Review: Hawaa Hawaai


Hawaa Hawaa is a story of the triumph of the human spirit; friendship and enjoying the journey of making one’s dream come true.

Arjun (Partho Gupte) moves to the big city along with his mother and little sister after his heartbreaking loss of his father and home. He drops out of school and begins to work with a tea seller. Out there he discovers a hidden world of in-line skating through coach Lucky, who mentors kids to become skating champions. While Arjun starts nursing the dream to learn skating under Lucky (Saqib Saleem), his four street friends get together to make this dream come true for him.

Director Amole Gupte brings both the genres of sports and children’s films together in one moving, touching and an emotional tale of a boy’s dream. After ‘Stanley Ke Dabba’, Amole perfectly pitches his son Partho again. Partho is impeccable as the little Arjun, cleverly capturing his many insecurities and vulnerabilities. Watching him shyly grin at his friend’s silliness, or worship his dad, or play with his little brother is endearing, and handled with immense maturity and talent. The child actors who play the role of Arjun’s friends are all unbelievably and deserve the highest praise.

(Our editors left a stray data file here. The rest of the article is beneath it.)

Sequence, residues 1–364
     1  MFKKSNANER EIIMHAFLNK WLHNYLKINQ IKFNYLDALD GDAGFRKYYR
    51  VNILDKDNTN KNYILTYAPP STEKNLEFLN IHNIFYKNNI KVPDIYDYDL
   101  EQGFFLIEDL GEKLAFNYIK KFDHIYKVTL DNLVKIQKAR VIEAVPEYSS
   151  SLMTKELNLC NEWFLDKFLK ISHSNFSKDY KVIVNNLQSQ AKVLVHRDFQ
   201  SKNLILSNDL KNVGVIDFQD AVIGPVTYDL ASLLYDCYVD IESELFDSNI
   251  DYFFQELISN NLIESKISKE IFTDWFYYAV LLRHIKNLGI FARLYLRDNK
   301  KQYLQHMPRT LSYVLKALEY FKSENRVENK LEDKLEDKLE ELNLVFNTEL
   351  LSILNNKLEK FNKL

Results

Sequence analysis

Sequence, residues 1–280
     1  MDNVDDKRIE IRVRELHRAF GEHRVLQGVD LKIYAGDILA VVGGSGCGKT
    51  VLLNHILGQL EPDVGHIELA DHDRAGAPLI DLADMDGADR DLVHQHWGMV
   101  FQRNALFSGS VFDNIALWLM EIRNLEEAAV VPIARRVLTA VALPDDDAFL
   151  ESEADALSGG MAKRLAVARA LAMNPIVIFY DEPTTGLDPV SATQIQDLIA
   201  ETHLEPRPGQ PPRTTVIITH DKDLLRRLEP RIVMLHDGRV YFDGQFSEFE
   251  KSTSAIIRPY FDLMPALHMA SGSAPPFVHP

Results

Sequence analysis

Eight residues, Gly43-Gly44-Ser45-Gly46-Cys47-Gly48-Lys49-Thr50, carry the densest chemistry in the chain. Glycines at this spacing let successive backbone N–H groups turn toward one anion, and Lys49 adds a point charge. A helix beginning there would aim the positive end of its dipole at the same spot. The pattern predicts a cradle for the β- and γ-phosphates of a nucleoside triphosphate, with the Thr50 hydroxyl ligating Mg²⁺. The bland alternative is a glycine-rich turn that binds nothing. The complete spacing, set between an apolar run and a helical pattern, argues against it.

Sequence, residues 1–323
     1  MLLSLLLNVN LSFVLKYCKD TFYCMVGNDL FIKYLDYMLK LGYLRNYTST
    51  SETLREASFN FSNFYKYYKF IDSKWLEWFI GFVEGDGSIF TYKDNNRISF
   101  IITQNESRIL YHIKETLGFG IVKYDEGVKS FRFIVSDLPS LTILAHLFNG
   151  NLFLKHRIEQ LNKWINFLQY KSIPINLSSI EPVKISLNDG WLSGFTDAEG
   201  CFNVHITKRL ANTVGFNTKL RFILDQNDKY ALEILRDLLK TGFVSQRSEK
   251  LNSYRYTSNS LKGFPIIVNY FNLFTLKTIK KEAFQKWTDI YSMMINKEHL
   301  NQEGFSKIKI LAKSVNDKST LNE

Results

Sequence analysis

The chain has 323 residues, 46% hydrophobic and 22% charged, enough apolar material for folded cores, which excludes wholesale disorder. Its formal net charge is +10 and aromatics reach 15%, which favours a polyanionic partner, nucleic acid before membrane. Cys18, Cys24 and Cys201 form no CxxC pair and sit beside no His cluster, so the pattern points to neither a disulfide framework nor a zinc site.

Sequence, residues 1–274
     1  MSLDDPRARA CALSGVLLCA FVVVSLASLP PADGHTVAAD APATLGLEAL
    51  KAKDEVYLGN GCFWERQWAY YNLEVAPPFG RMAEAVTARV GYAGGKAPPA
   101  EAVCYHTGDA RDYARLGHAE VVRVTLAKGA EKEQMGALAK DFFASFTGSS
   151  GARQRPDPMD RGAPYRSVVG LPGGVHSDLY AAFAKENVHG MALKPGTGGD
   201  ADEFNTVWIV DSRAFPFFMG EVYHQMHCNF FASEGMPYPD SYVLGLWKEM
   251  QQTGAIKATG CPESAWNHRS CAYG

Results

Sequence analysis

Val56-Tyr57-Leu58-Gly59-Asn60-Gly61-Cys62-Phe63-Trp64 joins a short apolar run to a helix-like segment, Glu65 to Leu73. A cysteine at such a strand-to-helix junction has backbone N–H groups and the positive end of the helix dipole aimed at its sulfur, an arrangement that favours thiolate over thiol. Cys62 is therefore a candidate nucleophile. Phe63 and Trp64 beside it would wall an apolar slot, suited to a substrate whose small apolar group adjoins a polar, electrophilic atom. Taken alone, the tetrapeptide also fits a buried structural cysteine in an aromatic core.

Saqib Salim churns out an extraordinary performance as an inspired teacher, who loves his students and skating more than anything else in the world. He is truly a star in the making!

The cinematographers have captured the fluid speed of skating. Intelligent sound design adds to the sport’s character, evoking both a sense of danger and uplift—the collective thumps and whacks consistently adding to the mood, especially in the skating arena at night. The screenplay is nearly flawless and runs smoothly throughout the end. Editing too has done wonders, which makes the motion a treat to watch. The unfolding backdrop of the characters keeps the viewers glued to their seats along with amazing penning of some heart touching dialogues which are simple and casual yet say a lot through it.

Hawaa Hawaai is an extraordinary saga of ordinary lives, the kind we often pass by at traffic signals. Gupte penetrates the heart, mind, soul and dreams of those unsung lives. This is the most moving film on street kids since Mira Nair’s Salaam Bombay. This is a not-to-be-missed life-changing experience.